Madison Resistance March on Facebook
Madison-Rafah Sister City Project
The Madison-Rafah Sister City Project will be participating as a “Palestine Solidarity contingent” at the upcoming Madison Resistance March.
We will be meeting at 11:45 am outside the Boat House in Brittingham Park with our banners. Please wear a kuffiyeh if you have one. Also, we need signs linking Palestine to the themes of the March, including Netanyahu’s visit with Trump next Wednesday. There are some ideas listed below, but feel free to improvise! One suggestion is to have signs with both English and Spanish.
Josh Ruebner, US Campaign for Palestinian Rights, 31 Jan 2017
Donald Trump’s first ten days in office have resulted in a whirlwind of policies that have led to major protests, from blocking refugees and immigrants from seven Muslim-majority countries from entering the United States, to ordering a wall built on the US-Mexico border, to moving forward with the Keystone and the Dakota Access Pipelines, to name just a few.
Amid his flurry of Executive Orders, you may have missed the fact that on Inauguration Day, Trump formally submitted to the Senate his nomination of David Friedman to be US Ambassador to Israel.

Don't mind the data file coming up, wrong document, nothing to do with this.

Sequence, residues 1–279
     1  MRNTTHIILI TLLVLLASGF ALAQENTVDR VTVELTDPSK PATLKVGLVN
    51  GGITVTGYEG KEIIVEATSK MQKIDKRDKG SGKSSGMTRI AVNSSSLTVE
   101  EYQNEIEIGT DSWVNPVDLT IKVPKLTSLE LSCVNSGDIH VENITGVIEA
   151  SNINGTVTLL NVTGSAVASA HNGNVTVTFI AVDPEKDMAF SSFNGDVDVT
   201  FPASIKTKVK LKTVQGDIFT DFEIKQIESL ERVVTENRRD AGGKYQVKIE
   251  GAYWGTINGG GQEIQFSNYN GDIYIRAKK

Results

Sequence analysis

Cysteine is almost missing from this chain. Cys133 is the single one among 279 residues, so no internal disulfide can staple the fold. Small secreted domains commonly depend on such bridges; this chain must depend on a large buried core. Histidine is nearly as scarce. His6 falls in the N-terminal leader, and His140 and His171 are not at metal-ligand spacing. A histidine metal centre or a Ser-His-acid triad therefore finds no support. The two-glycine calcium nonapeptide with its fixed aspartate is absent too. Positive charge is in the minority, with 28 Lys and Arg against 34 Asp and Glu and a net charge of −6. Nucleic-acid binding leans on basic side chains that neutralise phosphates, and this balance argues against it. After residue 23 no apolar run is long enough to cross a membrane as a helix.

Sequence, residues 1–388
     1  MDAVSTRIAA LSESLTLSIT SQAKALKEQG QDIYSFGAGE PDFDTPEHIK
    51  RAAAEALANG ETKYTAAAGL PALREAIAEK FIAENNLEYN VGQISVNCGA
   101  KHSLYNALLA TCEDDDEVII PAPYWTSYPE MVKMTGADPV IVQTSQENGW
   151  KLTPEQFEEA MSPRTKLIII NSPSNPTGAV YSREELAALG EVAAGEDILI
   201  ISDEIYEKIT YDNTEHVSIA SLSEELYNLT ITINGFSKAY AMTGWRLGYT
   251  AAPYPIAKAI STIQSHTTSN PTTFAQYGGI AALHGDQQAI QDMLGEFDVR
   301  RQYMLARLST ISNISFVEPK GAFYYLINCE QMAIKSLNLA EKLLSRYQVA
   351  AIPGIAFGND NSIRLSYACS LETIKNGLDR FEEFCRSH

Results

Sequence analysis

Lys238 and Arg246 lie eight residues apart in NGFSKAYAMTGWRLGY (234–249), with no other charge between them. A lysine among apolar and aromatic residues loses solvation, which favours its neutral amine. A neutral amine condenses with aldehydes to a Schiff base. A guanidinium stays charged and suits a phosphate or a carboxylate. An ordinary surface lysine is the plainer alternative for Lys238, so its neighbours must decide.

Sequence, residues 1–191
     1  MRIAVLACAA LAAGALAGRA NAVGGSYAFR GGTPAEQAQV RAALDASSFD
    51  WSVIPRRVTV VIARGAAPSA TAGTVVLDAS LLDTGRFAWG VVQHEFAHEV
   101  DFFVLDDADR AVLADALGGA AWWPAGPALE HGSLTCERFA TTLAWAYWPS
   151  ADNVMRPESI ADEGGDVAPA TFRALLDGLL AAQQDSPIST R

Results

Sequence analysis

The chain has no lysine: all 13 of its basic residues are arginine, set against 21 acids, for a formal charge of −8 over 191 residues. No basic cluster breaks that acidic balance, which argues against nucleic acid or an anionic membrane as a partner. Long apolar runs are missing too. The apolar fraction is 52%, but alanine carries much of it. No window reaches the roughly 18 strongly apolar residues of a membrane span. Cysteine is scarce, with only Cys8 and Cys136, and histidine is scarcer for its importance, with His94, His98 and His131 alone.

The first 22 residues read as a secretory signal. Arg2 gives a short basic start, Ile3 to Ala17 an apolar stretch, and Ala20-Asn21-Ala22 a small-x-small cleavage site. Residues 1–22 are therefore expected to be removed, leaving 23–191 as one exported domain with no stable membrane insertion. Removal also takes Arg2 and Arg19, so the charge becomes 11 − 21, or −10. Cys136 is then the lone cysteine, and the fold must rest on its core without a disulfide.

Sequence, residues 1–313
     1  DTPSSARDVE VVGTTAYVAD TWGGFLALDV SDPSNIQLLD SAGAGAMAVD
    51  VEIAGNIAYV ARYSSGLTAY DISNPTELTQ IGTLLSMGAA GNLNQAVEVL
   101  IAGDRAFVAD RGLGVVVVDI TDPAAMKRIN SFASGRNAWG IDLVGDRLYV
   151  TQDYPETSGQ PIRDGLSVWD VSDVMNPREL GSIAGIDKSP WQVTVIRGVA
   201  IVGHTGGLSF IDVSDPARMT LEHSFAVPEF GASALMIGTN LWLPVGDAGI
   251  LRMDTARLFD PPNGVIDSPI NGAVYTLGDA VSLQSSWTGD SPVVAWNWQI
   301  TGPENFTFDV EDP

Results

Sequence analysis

In case you haven’t heard of Friedman, here’s what you need to know:
Today President Trump signed an executive order banning all refugees from entering the U.S. for the next four months, prohibiting all people from seven Muslim-majority countries from entering the U.S. for 90 days, barring all Syrian refugees indefinitely, and, when the refugee program resumes (presumably at half the current rate), giving preferential treatment to non-Muslims.
This blatantly anti-Muslim edict mocks the freedom of religion protection of the First Amendment to the U.S. Constitution. It’s also bereft of human compassion or moral compass. Finally, given the extreme vetting already in place, it’s also bereft of cause.
In a sad juxtaposition, today is the International Holocaust Remembrance Day, reminding us of the six million Jews who were murdered by the Nazis. It’s distressing to realize and to acknowledge that a great many Jews perished because the world would not give them refuge – a state of affairs chillingly similar to today.
We urge you to contact your U.S. Senators and Representative to register your strong opposition to this order and to send a strong message to the White House. This is an excellent site to help you do so: Refugee Council USA
Open Doors for Refugees continues to stand by its mission of helping refugees make a home in Madison. With that we also wish to integrate refugees into being thriving members of the community and thereby increase our city’s richness in culture and diversity. We want Madison to be a welcoming city where all feel safe and valued. We encourage our volunteers and supporters to remain informed of current events in this regard and to be engaged citizens and to embrace ideas of welcoming, inclusion and humanitarian aid to all.